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For domestic violence programs in Idaho, stable funding is a challenge

The first night her husband attacked her, Brenda Wann said, she didn’t think she could leave him.

She didn’t feel like she had a choice.

Instead, she thought of her son, who witnessed part of the attack, and told him to leave the room so he wouldn’t get hurt.

“You think you’re doing something good by keeping your family together. I grew up in a broken home. I wanted to have a mom and dad and everything,” Wann said. “But finally I just stopped being in denial. I woke up a little bit and realized (staying) wasn’t doing any good.”

The Idaho Statesman doesn’t typically report the name of a victim of sexual or domestic violence, but Wann wanted to use her name to raise awareness of those issues.

Every minute, an average of 24 people are raped, physically attacked or stalked by an intimate partner in the U.S., according to a 2014 study by the U.S. Centers for Disease Control and Prevention.

The first time Wann even recognized she was enduring domestic violence was when she attended a group counseling session at Ada County’s Family Advocacy Center and Education Services (FACES).

“When they were starting to name (domestic violence) ... it really devastated me,” Wann said. “This is domestic abuse? This is domestic violence?”

After the initial shock, the realization gave her resolve to gain sole legal and physical custody of her children.

“I loved (my ex-husband) very much. I didn’t not love him,” she said. “But I loved us more. I loved my children enough to say, ‘You can’t do this to us, and if you’re going to continue this behavior you can’t live in this home anymore. You’re not going to do this to us anymore.’ ”

Court advocacy programs and counseling services at the Women’s and Children’s Alliance (WCA) gave her the courage to keep pushing, Wann said. Advocates went with her to court for support and guided her through the process of seeking legal help.

Within a 24-hour period Sept. 10, more than 500 adults and children facing domestic violence received similar services from Idaho programs, according to the 2014 one-day census conducted by the National Network to End Domestic Violence.

“It takes a long road of healing. It takes a lot of work. You need people to come alongside you. You need emotional help, financial help and spiritual help,” Wann said. “When I look back and think how I survived: I don’t even know how I survived it.”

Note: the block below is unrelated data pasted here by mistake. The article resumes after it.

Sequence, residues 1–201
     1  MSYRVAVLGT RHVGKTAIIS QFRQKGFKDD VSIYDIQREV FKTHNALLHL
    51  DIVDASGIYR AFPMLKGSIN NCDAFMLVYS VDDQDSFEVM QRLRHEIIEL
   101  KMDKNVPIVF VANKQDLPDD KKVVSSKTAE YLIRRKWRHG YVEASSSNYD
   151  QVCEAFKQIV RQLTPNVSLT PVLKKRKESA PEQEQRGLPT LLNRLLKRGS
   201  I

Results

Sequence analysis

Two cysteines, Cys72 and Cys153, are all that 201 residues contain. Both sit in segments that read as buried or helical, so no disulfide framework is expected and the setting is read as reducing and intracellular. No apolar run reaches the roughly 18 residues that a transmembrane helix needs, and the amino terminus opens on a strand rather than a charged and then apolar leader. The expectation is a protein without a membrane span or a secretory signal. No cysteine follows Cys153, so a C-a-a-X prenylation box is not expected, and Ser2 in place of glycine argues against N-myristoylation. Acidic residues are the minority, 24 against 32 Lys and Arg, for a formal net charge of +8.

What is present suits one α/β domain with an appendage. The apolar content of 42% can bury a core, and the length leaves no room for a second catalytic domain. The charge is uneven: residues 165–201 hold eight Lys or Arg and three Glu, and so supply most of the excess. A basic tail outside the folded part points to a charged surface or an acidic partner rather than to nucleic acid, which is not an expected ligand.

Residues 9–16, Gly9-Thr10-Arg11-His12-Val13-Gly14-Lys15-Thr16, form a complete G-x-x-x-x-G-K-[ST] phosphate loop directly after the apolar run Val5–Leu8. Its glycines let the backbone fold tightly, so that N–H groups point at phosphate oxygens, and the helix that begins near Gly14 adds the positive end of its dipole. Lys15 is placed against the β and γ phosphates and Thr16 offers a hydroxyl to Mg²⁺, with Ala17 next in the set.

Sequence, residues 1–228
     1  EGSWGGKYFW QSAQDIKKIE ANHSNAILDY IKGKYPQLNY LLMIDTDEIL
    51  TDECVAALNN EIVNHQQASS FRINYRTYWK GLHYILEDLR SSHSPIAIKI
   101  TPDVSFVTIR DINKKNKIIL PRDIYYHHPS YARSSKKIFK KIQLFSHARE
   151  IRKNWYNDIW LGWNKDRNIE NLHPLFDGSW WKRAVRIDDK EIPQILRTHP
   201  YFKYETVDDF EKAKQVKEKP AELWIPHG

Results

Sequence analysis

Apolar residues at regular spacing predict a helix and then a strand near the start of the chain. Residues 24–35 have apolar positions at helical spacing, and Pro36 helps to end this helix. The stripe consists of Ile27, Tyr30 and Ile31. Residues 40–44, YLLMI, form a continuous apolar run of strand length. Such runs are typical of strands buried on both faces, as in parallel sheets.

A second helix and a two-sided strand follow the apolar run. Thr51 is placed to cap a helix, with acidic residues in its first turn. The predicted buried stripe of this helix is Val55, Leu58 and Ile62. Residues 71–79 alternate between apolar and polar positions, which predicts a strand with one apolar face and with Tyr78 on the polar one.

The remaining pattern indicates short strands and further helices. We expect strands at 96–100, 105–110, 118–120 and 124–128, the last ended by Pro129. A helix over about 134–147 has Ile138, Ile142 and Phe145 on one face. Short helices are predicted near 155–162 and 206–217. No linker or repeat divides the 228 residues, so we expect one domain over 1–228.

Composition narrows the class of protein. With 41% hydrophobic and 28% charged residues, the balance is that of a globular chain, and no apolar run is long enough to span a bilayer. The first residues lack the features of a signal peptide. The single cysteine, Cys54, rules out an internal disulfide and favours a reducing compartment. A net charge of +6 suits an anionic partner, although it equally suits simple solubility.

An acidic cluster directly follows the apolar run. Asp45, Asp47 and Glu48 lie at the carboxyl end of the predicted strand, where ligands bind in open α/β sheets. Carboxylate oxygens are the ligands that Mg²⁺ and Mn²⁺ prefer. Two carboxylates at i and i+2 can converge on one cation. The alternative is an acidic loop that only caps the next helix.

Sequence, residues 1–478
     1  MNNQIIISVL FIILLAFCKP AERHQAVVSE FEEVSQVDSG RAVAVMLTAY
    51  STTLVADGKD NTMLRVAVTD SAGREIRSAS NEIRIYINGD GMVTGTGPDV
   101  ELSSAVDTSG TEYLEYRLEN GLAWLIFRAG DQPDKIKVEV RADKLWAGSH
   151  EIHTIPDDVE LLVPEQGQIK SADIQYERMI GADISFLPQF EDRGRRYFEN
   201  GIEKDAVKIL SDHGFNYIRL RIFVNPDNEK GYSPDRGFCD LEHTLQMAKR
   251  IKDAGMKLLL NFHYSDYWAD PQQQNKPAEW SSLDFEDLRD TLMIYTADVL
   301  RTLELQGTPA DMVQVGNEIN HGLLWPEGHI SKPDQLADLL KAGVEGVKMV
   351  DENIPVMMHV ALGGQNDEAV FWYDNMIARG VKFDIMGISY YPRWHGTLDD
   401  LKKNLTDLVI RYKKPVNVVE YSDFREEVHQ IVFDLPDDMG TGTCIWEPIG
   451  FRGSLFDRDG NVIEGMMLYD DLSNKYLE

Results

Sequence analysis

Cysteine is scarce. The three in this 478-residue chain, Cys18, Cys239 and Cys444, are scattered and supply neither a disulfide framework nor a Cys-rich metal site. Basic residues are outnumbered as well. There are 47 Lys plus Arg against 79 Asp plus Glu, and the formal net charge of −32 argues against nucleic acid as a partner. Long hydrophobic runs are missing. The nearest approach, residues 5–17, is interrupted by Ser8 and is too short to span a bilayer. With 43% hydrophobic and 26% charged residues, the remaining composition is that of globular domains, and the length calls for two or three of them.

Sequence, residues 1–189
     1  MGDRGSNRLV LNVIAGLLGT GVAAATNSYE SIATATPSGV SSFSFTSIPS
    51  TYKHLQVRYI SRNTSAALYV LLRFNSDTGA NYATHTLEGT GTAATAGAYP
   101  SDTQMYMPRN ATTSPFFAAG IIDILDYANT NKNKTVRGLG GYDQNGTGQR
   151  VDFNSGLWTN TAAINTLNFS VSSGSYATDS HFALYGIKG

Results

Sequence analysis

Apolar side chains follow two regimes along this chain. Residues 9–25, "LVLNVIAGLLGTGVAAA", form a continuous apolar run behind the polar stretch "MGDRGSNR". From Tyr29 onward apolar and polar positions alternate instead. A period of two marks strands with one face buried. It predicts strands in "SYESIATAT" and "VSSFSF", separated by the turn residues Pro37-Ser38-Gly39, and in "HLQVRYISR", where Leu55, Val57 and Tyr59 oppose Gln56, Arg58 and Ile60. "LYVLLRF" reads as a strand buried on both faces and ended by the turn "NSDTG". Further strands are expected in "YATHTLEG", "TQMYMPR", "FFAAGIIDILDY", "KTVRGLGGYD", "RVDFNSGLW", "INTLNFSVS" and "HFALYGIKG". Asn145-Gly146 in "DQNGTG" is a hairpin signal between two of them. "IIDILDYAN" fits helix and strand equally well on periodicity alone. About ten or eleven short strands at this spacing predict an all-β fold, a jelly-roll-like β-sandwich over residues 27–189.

But according to the same study, about 160 Idahoans who requested help that day, largely for housing, couldn’t get assistance. And in all of 2014, 22 domestic violence program staff positions — such as legal or shelter advocates — were eliminated across Idaho.

“Consistently in Idaho — and across the nation too — every year a significant number of individual adults and children are not able to access resources in the state,” said Kelly Miller, executive director of the Idaho Coalition Against Sexual & Domestic Violence.

And the problem is growing. Support for both staff and provided aid is inconsistent, but the need for such services remains stable or is increasing, Miller said.

“Certainly there is a correlation between fewer resources and the inability to receive services,” Miller said. “There were significant increases in requests for affordable housing for individuals looking to escape from abusive households.”

Idaho is regularly in a state of flux due to inconsistent funding, Miller said. Community-based domestic violence programs in Idaho don’t receive any direct state appropriation funding. “A significant percentage” of their budgets comes from competitive grants and other fundraising, she said.

In the national survey, 25 percent of respondents describing cases where Idahoans couldn’t get help cited less government funding, 20 percent cited less private funding and 20 percent noted fewer individual donations as among the reasons.

“The overarching concern is that Idaho still has to rely predominantly on federal funding through both the Violence Against Women Act and the Victims of Crime Act,” Miller said. “Most states have provided funding for community-based services since it’s a lifesaving measure and safety net for communities.”

Idaho programs will likely see an uptick in resources starting in the fall due to a five-year, nationwide increase in federal funding through the Victims of Crime Act. But that’s only a short-term fix, Miller said, and consistent funding will still be a challenge.

“The larger question is: How are we valuing girls and women (in Idaho) since those are the folks that are most impacted by domestic and sexual violence?” said Miller, who said no change to the funding model for such organizations has been recently proposed to state lawmakers. “State appropriations is part of the solution but it’s a larger societal question about our values.”

As Miller noted, Idaho is far from alone: More than 67,000 adults and children got domestic violence-related help nationwide on the day of the national study, but nearly 11,000 requests “could not be met due to a lack of funding,” according to an announcement of its results.

Wann said she still reaches out to the WCA regularly. She credits FACES, the WCA and her church, Central Valley Baptist, as the support system that ultimately got her and her children to permanent safety

“I can call them at any time if I need something — anything. And they’re there,” she said. “They say, ‘You’re family to us.’ ”

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